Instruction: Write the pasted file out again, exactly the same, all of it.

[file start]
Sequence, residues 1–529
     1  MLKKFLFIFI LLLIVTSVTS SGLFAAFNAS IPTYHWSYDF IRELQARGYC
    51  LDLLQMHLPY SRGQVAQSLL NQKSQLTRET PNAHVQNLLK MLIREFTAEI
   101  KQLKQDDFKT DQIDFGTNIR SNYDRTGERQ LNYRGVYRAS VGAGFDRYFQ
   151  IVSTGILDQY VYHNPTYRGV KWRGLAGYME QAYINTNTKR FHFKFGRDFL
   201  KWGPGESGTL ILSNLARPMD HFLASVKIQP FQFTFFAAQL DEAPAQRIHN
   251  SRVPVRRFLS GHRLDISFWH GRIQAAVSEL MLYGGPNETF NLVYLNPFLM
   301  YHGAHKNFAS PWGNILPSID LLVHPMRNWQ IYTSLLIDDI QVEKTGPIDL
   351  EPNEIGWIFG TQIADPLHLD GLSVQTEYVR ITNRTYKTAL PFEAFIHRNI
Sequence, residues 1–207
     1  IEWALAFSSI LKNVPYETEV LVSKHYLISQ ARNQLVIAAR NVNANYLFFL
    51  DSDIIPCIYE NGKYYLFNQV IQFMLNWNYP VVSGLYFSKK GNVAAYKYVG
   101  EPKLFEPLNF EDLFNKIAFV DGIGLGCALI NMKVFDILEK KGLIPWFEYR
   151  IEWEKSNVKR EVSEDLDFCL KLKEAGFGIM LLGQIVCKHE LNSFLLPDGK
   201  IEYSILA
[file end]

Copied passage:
Sequence, residues 1–529
     1  MLKKFLFIFI LLLIVTSVTS SGLFAAFNAS IPTYHWSYDF IRELQARGYC
    51  LDLLQMHLPY SRGQVAQSLL NQKSQLTRET PNAHVQNLLK MLIREFTAEI
   101  KQLKQDDFKT DQIDFGTNIR SNYDRTGERQ LNYRGVYRAS VGAGFDRYFQ
   151  IVSTGILDQY VYHNPTYRGV KWRGLAGYME QAYINTNTKR FHFKFGRDFL
   201  KWGPGESGTL ILSNLARPMD HFLASVKIQP FQFTFFAAQL DEAPAQRIHN
   251  SRVPVRRFLS GHRLDISFWH GRIQAAVSEL MLYGGPNETF NLVYLNPFLM
   301  YHGAHKNFAS PWGNILPSID LLVHPMRNWQ IYTSLLIDDI QVEKTGPIDL
   351  EPNEIGWIFG TQIADPLHLD GLSVQTEYVR ITNRTYKTAL PFEAFIHRNI
Sequence, residues 1–207
     1  IEWALAFSSI LKNVPYETEV LVSKHYLISQ ARNQLVIAAR NVNANYLFFL
    51  DSDIIPCIYE NGKYYLFNQV IQFMLNWNYP VVSGLYFSKK GNVAAYKYVG
   101  EPKLFEPLNF EDLFNKIAFV DGIGLGCALI NMKVFDILEK KGLIPWFEYR
   151  IEWEKSNVKR EVSEDLDFCL KLKEAGFGIM LLGQIVCKHE LNSFLLPDGK
   201  IEYSILA